By Ben Kerrigan-
Sainsbury’s and Tesco are in a battle with the government’s change of law for mask wearing, and has said it will continue to ask shoppers to wear masks, even after the legal requirement to do so in England is dropped on Monday.
Sainsbury’s said signs and tannoy announcements would remind shoppers to cover their faces, but the giant supermarket will have no legal power to impose their wishes on customers.
The change in the law in relation to mask wearing will be accompanied by the government’s expectation and recommendations for shoppers in England to continue to wear face masks from Monday.
But the legal requirement to cover your face in enclosed spaces will end. Different rules apply in the devolved nations.
Several airlines have already said they will continue to ask passengers to wear masks on-board and masks will be mandated on the London Underground and other Transport for London services.
Timpsons, the shoe repair and key cutting chain, and jewellery retailer Beaverbrooks have said that while plastic screens and other safety measures would remain in place, and staff would continue to wear face-coverings, customers would be left to decide the matter for themselves.
Sainsbury’s said its strategy reflected feedback from customers and colleagues, with the majority of those surveyed in favour of keeping the mask policy in place.
“Our colleagues’ safety is vital and many of our colleagues would feel more comfortable if those who can wear face coverings continue to wear them,” Sainsbury’s chief executive Simon Roberts said.
The chain said some Covid measures, such as screens between self-service checkouts and checkout queues, would be gradually removed. However screens between checkout staff and customers will remain in place.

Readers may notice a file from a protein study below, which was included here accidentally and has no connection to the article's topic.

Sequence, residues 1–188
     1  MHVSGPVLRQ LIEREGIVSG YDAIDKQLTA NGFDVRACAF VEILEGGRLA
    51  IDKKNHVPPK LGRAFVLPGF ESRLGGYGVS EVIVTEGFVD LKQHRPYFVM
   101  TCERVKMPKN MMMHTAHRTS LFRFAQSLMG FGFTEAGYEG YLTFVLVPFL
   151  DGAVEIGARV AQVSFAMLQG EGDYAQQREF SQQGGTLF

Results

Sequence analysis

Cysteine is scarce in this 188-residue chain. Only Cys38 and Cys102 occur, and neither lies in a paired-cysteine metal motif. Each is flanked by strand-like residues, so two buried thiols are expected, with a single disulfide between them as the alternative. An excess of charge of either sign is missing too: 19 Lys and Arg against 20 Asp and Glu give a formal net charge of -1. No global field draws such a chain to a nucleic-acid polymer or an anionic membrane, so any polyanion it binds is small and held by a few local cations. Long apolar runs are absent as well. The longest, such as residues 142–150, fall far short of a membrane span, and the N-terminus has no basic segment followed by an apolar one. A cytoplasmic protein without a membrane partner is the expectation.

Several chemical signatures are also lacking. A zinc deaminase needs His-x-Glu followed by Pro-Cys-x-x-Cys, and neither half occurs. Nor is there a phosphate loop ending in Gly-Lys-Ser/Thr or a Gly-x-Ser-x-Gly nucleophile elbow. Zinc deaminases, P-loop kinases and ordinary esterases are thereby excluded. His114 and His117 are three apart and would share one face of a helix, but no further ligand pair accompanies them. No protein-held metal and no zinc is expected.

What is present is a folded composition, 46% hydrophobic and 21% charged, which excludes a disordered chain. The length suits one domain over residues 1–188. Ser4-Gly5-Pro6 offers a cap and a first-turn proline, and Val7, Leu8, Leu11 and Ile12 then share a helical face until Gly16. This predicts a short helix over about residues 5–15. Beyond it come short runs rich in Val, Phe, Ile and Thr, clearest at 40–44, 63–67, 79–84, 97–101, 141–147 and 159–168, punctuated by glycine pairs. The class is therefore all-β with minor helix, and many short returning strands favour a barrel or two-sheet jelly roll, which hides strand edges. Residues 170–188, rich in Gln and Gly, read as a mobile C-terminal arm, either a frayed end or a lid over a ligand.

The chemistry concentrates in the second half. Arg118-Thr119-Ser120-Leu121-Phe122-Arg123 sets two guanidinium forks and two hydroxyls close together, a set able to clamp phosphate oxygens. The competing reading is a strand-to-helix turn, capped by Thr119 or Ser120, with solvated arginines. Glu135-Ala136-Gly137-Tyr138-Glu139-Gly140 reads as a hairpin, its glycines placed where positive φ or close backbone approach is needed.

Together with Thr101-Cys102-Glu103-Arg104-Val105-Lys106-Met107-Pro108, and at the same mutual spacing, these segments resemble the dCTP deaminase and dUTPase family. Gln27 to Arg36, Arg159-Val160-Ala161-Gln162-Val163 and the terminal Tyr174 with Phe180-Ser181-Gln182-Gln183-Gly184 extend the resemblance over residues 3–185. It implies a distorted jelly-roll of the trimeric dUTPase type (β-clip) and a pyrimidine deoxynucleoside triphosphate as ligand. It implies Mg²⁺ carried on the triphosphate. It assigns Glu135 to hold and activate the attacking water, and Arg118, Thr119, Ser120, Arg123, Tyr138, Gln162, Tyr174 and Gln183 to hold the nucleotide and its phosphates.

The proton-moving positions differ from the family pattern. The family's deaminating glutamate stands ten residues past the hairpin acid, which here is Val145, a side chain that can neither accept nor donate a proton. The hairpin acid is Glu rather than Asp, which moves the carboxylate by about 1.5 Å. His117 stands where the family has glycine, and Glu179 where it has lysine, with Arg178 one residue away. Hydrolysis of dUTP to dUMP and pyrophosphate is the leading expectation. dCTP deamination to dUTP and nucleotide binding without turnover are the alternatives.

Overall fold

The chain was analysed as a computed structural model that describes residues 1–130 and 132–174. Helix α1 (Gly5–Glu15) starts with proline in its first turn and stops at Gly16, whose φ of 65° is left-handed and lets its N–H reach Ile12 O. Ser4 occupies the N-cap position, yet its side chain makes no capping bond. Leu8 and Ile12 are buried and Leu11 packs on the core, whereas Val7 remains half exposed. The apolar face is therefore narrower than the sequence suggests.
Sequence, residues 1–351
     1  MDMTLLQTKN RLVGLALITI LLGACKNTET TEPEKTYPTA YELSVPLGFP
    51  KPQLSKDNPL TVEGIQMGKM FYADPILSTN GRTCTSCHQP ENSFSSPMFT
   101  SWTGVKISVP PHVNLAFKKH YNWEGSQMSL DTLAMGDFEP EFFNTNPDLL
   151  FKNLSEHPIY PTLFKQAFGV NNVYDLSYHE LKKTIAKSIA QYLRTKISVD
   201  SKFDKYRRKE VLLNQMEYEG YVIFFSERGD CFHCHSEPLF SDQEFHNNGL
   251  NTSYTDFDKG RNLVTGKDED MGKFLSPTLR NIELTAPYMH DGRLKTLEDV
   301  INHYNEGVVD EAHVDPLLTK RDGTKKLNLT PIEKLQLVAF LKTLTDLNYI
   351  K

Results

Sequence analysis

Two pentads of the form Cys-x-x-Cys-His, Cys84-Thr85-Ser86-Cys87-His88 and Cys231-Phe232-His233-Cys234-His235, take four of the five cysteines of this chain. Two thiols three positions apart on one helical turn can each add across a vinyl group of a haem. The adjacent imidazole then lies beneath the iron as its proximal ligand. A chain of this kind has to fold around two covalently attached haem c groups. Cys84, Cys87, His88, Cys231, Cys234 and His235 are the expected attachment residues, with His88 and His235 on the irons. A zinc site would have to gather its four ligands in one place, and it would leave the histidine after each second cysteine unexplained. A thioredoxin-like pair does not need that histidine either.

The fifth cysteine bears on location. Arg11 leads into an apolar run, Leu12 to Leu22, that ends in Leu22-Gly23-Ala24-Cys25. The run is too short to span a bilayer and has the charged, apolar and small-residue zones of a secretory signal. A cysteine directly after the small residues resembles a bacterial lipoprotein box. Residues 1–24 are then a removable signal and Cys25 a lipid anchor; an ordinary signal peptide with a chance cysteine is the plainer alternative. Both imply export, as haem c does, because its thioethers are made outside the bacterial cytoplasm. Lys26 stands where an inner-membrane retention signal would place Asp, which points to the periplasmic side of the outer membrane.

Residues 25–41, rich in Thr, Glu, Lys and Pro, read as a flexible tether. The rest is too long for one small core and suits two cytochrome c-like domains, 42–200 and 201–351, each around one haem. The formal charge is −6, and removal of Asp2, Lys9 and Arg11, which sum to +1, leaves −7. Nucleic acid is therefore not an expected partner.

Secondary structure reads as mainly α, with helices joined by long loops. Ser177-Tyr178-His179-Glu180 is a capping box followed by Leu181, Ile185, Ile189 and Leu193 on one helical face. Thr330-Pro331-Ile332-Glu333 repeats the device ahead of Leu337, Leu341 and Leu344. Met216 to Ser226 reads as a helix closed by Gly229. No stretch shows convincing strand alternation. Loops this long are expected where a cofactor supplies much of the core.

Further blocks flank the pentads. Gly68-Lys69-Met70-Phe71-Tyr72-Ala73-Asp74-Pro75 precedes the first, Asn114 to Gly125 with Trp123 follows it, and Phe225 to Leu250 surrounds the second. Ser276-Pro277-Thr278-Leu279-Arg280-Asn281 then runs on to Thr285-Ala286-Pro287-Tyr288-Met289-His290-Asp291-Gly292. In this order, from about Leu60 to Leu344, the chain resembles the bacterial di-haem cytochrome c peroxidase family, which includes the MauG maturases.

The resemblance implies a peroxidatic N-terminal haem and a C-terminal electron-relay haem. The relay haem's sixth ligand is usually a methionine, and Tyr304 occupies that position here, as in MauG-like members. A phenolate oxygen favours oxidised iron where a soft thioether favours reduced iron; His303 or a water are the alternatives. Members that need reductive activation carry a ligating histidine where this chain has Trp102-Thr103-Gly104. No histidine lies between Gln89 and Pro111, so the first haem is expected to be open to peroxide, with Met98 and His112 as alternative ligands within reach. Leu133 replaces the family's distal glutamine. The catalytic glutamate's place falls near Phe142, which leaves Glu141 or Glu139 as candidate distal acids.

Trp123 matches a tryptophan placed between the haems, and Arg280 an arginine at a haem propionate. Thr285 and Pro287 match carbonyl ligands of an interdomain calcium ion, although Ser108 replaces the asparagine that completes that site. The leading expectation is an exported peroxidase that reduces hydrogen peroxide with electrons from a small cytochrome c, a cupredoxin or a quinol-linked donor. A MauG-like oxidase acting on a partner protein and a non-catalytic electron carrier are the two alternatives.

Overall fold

The government’s strategy has been attacked by some employers and unions, with the TUC calling it “a recipe for rising infections”.
The general secretary of the shop workers’ union Usdaw, Paddy Lillis, told the BBC he was “very disappointed that the government has not consulted broadly with unions and employers”.
“It’s a real mess,” he said.
“Instead of having the force of law behind them, [it] will create confusion and put more shop workers at risk,” Mr Lillis added.
In its advice, the government says: “Face coverings are no longer required by law. However, the government expects and recommends that people continue to wear a face covering in crowded, enclosed spaces.”
It said this would apply to offices, factories, shops, construction sites, and close-contact services such as hairdressers and beauticians.
The government said it expected any return to work to be “gradual” and asked employers to continue to use measures to reduce potential Covid spread, such as risk assessments, thorough cleaning and ensuring adequate ventilation.
However, much of the language in the guidance involves “encouraging” employers, staff and customers to “consider” measures which are already widespread, such as hand-washing, sanitiser use and contactless payments.
The TUC’s general secretary, Frances O’Grady, said the guidelines “have been published without proper consultation with unions or employers, just two full working days before restrictions end on Monday”.
“Instead of providing clear and consistent guidance on how to keep staff safe at work, the government is abandoning workers and employers,” she said.
Employers body the Institute of Directors said the guidance “fails to inspire confidence in the return to work”.
Dr Roger Barker, policy director at the Institute of Directors, said: “Like everybody else, businesses across the country having been awaiting ‘freedom day’ with bated breath.
“But instead we have had a series of mixed messages and patchwork requirements from government that have dampened that enthusiasm.”